Communication Receiver Block Diagram:
A Communication Receiver Block Diagram is one whose main function is the reception of signals used for communications rather than for entertainment. It is a radio receiver designed to perform the tasks of low- and high-frequency reception much better than the type of set found in the average household. In turn, this makes the communications receiver useful, in other applications, such as the detection of signals from high-frequency impedance bridges (where it is used virtually as a high-sensitivity tuned voltmeter), signal-strength measurement, frequency measurement and even the detection and display of individual components of a high-frequency wave (such as an FM wave with its many sidebands). It is often operated by qualified people, so that any added complications in its tuning and operation are not necessarily detrimental, as they would be in a receiver to be used by the general public.
The communications receiver has evolved from the ordinary home receiver, as the block diagram of Figure 6-17 and the photograph of Figure 6-18 demonstrate. Both are superheterodyne receivers, but in order to perform its tasks the Communication Receiver Block Diagram has a number of modifications and added features. These are the subject of this section, in which the strange new blocks of Figure 6-17 will also be discussed.
Extensions of the Superheterodyne Principle:
Some of the circuits found in communications receivers,’ such as tuning indicators and beat-frequency oscillators, may be said to.4)e mere additions, other circuits are really extensions of the superheterodyne principle. Delayed AGC and double conversion are” but two of these circuits. It has been found convenient to subdivide the topic into extensions of the superheterodyne principle and additions to it.
Input stages: It is common to have one, or sometimes even two, stages of RF amplification. Two stages are preferable if extremely high sensitivity and low noise are required, although some complications in tracking are bound to occur. Regardless of the number of input stages, some system of band changing will have, to be used if the receiver is to cover a wide frequency range, as nearly all Communication Receiver Block Diagram do. This is compounded by the fact that the normal variable capacitor cannot be relied upon to cover a frequency ratio much in excess of 2: 1 at high frequencies. Band changing is accomplished in either of two ways by switching in the required RF, mixer and local oscillator coils, or by frequency synthesis. The use of synthesis is a clear favorite in modern receivers.
Fine tuning: As the name implies, fine tuning permits stations transmitting on frequencies very close to each other to be separated, or resolved, by the receiver. This ability is essential in a Communication Receiver Block Diagram. Some good-quality domestic receivers provide an electrical fine-tuning control, using a separate dial. In this method, the local oscillator frequency is varied by means of a trimmer on either side of the main tuning control setting, and in this fashion close stations are separated. Similar results can be achieved with a mechanical vernier control, and indeed this is how fine tuning, or bandspread, used to be provided in communications receivers. These days, the use of frequency synthesis, as in the receiver of Figure 6-18, is almost invariable in commercial communications receivers.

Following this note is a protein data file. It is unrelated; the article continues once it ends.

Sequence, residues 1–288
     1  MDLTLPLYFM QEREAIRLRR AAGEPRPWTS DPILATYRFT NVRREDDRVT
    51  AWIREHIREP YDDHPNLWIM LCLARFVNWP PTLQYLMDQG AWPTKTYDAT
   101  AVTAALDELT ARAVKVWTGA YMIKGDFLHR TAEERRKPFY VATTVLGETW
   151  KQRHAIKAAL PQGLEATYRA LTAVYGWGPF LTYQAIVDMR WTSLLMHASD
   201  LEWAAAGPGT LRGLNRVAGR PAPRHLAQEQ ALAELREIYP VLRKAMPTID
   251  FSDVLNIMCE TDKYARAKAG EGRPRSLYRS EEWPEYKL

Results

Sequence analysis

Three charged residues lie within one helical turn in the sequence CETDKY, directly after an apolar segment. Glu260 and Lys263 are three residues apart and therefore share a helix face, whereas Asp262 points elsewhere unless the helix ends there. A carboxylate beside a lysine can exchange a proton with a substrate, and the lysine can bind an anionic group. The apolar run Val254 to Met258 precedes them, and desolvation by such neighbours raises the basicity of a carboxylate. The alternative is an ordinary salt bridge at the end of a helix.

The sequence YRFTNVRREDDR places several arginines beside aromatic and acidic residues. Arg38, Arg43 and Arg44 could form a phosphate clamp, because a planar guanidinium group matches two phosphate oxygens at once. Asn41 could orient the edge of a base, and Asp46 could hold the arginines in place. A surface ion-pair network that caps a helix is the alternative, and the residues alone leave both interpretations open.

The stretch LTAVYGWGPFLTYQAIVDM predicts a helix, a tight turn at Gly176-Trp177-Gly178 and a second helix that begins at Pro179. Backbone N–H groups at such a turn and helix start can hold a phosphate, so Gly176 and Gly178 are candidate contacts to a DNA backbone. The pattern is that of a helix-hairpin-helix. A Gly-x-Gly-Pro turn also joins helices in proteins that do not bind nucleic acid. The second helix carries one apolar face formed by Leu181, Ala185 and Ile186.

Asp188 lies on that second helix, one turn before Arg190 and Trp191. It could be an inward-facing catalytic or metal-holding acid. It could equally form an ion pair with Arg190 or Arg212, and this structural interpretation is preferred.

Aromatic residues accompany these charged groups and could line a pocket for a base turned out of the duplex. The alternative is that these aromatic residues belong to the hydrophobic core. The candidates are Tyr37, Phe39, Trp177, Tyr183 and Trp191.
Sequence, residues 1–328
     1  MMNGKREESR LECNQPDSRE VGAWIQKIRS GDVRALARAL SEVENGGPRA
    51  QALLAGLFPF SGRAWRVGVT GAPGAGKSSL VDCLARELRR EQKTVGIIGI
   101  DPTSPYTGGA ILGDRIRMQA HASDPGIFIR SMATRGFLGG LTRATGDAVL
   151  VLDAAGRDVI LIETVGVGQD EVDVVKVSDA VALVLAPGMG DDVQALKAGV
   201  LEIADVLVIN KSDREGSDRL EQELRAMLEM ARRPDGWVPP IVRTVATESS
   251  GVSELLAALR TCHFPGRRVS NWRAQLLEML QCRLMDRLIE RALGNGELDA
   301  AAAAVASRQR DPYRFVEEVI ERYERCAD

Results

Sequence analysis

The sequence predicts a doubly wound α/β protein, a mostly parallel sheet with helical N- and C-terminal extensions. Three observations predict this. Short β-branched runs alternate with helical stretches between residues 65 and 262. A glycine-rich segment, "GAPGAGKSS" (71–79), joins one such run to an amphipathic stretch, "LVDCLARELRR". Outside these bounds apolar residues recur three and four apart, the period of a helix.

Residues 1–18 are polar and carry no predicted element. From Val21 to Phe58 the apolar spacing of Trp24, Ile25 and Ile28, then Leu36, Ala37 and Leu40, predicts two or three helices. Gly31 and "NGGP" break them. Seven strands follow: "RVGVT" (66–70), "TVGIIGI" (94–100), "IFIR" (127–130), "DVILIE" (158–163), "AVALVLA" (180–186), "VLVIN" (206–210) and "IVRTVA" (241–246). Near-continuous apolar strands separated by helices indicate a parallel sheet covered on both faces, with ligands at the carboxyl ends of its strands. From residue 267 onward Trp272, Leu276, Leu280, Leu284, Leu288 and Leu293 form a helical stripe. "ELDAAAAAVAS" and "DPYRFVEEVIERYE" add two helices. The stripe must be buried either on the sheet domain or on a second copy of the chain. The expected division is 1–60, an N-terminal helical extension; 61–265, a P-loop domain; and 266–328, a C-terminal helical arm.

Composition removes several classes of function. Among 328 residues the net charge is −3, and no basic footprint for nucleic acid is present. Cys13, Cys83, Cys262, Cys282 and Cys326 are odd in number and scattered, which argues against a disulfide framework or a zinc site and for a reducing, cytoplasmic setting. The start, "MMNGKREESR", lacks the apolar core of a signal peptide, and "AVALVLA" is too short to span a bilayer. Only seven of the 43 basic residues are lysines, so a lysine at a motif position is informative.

Double conversion Communications receivers and some high-quality domestic AM receivers have more than one intermediate frequency generally two, but sometimes even more. When a receiver has two different IFs, as does the one shown in block diagram form in Figure 6-17, it is then said to be a double-conversion receiver. The first IF is high, several megahertz or even higher, and sometimes not even a fixed frequency. The second IF is quite low, of the order of 1 MHz or even less. After leaving the RF amplifier, the signal in such a receiver is still mixed with the output of a local oscillator. This is similar to the local oscillator of a domestic receiver, except that now the resulting frequency difference is a good deal higher than 455 kHz. The high intermediate frequency is then amplified by the high-frequency IF amplifier, and the output is fed to a second mixer and mixed with that of a second local oscillator. Since the second local oscillator frequency is normally fixed, this could be a crystal oscillator, and in fact very often is, in non-synthesized receivers. The low second intermediate frequency is amplified by an LF IF amplifier and then detected in the usual manner.
Double conversion is desirable in communications receivers. As will be recalled from Section 6-2.3, the intermediate frequency selected for any receiver is bound to be a compromise since there are equally compelling reasons why it should be both high and low. Double conversion avoids this compromise. The high first intermediate frequency pushes the image frequency farther away from the signal frequency and therefore permits much better attenuation of it. The low second IF, on the other hand, has all the virtues of a low fixed operating frequency, particularly sharp selectivity and hence good adjacent-channel rejection.
Please note that the high intermediate frequency must come first. If this does not happen, the image frequency will be insufficiently rejected at the input and will become mixed up with the proper signal, so that no amount of high IF stages will make any difference afterward.
Having two such intermediate frequencies provides a combination of higher image and adjacent-frequency rejection than could be achieved with the simple superheterodyne system. It should be noted that double conversion offers no great advantages for broadcast or other medium-frequency receivers. It is essential for receivers operating in crowded HF and other bands.